As for the vegan friendly ratings, a +1 is awarded to companies whose activities do not harm animals at all but tolerate the risk of harm. The +2 rating is granted to companies which in addition to not harming animals through their activities are launching products or services to protect them. As an example, Saint Gobain is rated vegan friendly with a +2 score given the company has created a special glass “4bird” to prevent any bird collision with transparent glass. To assess how vegan compliant a stock is, Vegan Finance relies on many sources including company, NGOs and media reports, all being double-checked. “In addition we check if the targeted company has answered to the issue by any comment or commitment,” Tran says.

FedEx does not ship live animals to slaughterhouses but it is rated vegan non-compliant because it still ships hunting trophies.

Van Dinh Tran, Vegan Finance

None of the companies rated so far have not contacted Vegan Finance to improve their vegan ratings. The firm nonetheless discusses with companies to find out more about their activities involving animals. “For instance, while recently rating the freight sector, we have contacted a FedEx representative to make sure that the firm does not ship live animals to slaughterhouses. Nonetheless, the company is rated vegan non-compliant because it still ships hunting trophies,” he points out.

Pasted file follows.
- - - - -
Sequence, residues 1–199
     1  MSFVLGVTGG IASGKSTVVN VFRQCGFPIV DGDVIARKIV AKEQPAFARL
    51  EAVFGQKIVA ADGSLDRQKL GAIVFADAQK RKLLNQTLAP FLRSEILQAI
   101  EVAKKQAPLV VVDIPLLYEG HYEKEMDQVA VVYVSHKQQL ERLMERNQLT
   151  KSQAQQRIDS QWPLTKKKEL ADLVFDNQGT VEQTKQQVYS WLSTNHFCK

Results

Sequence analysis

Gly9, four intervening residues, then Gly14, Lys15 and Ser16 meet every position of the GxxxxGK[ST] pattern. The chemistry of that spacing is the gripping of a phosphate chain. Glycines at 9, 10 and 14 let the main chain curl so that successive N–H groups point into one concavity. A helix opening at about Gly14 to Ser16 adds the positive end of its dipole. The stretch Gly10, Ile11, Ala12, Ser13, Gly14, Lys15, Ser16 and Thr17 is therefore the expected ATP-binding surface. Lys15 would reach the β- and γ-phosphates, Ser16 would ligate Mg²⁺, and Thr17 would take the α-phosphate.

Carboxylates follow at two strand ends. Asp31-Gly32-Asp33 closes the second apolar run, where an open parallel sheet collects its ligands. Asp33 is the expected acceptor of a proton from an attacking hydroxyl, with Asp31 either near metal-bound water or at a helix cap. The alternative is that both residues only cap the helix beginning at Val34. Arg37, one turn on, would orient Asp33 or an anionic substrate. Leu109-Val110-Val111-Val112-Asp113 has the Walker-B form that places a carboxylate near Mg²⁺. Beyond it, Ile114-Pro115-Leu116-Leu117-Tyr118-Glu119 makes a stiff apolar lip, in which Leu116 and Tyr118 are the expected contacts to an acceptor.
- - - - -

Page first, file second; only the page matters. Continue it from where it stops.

Tran highlights that vegan ratings at this stage are still not a threat for the financing of listed companies, observing that companies are influenced by institutional investors, themselves influenced by non-profit organisations. He cites the example of French beverage group Pernod Ricard which announced last January that it would stop bullfights’ sponsoring. “The decision was made under the pressure of its investor Elliot fund, which had pressure from PETA and other anti-bullfights associations. In this map of influencers, Vegan Finance role is more to inform non-professional and professional investors that would like to embed a vegan or pro-animal screening in their investment decision,” says Tran.